Seven Steps for Establishing Effective IoMT Security
Once a collaborative partnership with their device manufacturers and cybersecurity providers has been established, HDOs should consider the following steps to optimize their IoMT security:
1) Know what you have. Thorough and continuous IoMT device scanning identifies the current state of your network, with the visibility and variables—such as device manufacturer, serial number, IP address, etc.—required for an ongoing security program.
2) Run a comprehensive risk assessment. Work with device manufacturers and cybersecurity experts to assess and prioritize IoMT device risks throughout the device lifecycle. As manufacturers report new vulnerabilities and publish patches, carefully adjust assessments and manage risk accordingly.
3) Introduce access controls and authentication protections. Deter unauthorized access to IoMT devices with tight access controls, including multi-factor authentication, and role-based access controls that customize permissions for each user.
4) Implement automated monitoring for threats and anomalies. Monitoring strategies should include automated detection and alerting to any threats or traffic anomalies that raise suspicion. Key indicators of potential compromise include IoMT device performance, logins, activations, and changes in network traffic volume and locations.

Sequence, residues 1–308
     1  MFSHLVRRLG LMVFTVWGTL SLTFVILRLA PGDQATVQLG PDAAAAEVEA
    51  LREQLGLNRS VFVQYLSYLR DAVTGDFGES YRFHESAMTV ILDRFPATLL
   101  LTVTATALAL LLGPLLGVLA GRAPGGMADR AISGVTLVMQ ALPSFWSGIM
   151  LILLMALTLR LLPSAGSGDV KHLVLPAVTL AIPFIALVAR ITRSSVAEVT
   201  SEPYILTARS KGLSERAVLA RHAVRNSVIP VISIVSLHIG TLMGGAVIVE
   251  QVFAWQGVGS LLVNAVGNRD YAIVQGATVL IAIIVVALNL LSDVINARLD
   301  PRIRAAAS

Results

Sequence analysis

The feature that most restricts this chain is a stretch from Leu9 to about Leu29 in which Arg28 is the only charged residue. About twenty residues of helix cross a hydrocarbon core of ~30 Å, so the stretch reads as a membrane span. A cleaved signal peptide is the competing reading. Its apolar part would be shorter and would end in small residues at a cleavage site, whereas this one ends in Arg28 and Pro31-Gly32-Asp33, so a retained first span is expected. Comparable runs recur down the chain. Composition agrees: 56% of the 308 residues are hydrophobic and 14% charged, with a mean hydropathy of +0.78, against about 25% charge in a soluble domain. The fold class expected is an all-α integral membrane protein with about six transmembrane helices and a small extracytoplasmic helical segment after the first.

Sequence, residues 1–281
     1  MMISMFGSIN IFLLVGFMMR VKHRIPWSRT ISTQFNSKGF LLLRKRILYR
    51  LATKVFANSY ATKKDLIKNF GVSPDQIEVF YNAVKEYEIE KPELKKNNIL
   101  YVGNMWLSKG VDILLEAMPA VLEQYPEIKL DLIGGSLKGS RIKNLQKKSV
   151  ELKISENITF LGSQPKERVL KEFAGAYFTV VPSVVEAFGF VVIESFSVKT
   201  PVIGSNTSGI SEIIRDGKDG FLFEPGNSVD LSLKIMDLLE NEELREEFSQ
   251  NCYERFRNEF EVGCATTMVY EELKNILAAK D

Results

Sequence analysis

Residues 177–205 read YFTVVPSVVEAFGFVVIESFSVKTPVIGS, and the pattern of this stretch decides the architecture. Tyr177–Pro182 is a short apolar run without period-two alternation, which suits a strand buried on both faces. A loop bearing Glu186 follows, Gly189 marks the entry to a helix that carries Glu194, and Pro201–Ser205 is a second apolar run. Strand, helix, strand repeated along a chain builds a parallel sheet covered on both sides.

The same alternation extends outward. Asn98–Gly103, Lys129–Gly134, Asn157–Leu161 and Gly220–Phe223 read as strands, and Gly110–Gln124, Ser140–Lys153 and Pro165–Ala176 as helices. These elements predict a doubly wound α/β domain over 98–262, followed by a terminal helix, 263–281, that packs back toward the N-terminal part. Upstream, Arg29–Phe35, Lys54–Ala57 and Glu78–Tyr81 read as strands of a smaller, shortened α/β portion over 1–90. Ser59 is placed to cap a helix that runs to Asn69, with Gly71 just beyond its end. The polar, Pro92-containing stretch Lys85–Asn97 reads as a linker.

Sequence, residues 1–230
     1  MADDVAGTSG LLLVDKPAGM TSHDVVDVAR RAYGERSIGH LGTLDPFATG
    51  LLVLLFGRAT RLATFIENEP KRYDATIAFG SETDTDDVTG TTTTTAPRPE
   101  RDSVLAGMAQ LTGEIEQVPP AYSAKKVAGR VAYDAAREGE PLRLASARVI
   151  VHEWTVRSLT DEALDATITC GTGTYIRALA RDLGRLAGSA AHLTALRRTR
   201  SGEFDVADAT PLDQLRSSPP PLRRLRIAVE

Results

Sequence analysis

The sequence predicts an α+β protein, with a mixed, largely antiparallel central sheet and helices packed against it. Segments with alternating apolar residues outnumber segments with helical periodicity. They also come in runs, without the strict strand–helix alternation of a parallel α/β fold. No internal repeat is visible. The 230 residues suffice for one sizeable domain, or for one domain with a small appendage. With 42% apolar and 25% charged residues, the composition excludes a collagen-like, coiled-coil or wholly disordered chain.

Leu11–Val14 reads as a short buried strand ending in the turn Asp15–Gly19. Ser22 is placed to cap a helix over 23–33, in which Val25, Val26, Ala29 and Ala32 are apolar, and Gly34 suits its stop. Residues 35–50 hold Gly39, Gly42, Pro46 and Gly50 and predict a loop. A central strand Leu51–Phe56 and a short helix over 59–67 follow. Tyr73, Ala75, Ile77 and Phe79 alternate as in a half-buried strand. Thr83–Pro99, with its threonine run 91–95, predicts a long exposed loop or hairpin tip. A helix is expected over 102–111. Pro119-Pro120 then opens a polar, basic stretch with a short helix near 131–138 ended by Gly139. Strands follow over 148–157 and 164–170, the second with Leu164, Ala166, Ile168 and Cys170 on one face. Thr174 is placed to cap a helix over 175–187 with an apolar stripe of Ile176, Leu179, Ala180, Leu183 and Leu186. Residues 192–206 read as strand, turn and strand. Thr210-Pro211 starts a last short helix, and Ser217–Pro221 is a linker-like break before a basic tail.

5) Practice ongoing, data-driven vulnerability management. Prioritize device vulnerability mitigation efforts to zero in on the vulnerabilities that attackers are most likely to exploit. Actively adapt vulnerability mitigation priorities as attacker practices shift, to continually optimize the effectiveness of security efforts.
6) Apply the most current patches and updates. Continuously apply device security patches and updates as soon as they become available. A challenge comes in scenarios where known vulnerabilities lack available patches. In cases where it doesn’t make business sense for manufacturers to provide a patch, they often won’t. Cybersecurity providers can react to such scenarios by assessing the actual practical risk that a vulnerability represents given its use case, and by implementing security countermeasures to protect devices lacking an official manufacturer-led solution.
7) Conduct continuous employee security training. The behavior of HDO employees represents a significant source of risk—and introducing a security training regimen can help minimize it. Regular training in security best practices makes the difference between employees that properly secure their login credentials, recognize phishing emails for what they are, and are fully aware of emerging threats that they may otherwise fall victim to.
Collaborate to Elevate Your Security Posture
HDOs shouldn’t feel that they’re going it alone when it comes to securing their vast fleets of IoMT devices. By leaning on device manufacturers and security providers and working together to optimize their security profile, HDOs can apply the latest information, patches and security best practices to protect their IoMT device fleets and, most importantly, their patients.
[i] “Healthcare cyberattacks led to worse patient care, increased mortality, study finds,” Healthcare Dive, September 8, 2023, https://www.healthcaredive.com/news/cyberattacks-hospitals-disrupt-operations-patient-care-Ponemon/631439/
[ii] [ii] “IBM: Average Cost of a Healthcare Data Breach Increases to Almost $11 Million,” The HIPAA Journal, July 24, 2023, https://www.hipaajournal.com/2023-cost-healthcare-data-breach/